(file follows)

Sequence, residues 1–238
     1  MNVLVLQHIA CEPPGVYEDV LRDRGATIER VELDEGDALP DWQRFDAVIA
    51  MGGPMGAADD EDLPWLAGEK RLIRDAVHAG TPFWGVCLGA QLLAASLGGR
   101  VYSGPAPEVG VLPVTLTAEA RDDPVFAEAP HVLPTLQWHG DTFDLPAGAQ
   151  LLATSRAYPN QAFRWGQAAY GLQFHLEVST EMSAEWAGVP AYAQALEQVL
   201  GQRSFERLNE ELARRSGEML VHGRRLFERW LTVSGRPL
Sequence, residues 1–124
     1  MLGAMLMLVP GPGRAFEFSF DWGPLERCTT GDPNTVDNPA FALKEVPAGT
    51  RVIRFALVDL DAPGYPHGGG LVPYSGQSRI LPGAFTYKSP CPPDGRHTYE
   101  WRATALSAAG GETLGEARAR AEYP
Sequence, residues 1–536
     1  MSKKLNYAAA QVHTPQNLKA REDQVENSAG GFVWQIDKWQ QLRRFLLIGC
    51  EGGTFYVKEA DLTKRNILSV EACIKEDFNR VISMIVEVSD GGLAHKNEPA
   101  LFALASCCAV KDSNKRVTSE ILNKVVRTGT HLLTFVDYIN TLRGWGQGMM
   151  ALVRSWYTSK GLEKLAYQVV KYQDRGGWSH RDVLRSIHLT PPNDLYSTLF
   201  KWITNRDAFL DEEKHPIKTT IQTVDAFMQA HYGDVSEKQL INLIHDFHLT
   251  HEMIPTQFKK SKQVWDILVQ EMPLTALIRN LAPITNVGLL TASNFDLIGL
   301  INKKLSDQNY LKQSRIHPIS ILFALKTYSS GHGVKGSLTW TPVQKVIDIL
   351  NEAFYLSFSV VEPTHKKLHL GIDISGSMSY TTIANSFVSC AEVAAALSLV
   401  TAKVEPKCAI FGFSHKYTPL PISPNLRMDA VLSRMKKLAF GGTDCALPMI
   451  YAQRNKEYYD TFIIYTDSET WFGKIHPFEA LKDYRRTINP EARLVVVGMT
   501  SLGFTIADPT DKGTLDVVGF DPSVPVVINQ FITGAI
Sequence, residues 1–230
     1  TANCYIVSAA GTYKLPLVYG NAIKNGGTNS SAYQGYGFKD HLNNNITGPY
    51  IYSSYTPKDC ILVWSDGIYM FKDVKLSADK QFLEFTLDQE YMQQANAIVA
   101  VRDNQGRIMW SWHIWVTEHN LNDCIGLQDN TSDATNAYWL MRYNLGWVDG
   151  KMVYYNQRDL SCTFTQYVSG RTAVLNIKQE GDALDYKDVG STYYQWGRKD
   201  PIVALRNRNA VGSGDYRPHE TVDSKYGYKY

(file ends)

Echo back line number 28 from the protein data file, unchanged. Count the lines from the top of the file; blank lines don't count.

   201  PIVALRNRNA VGSGDYRPHE TVDSKYGYKY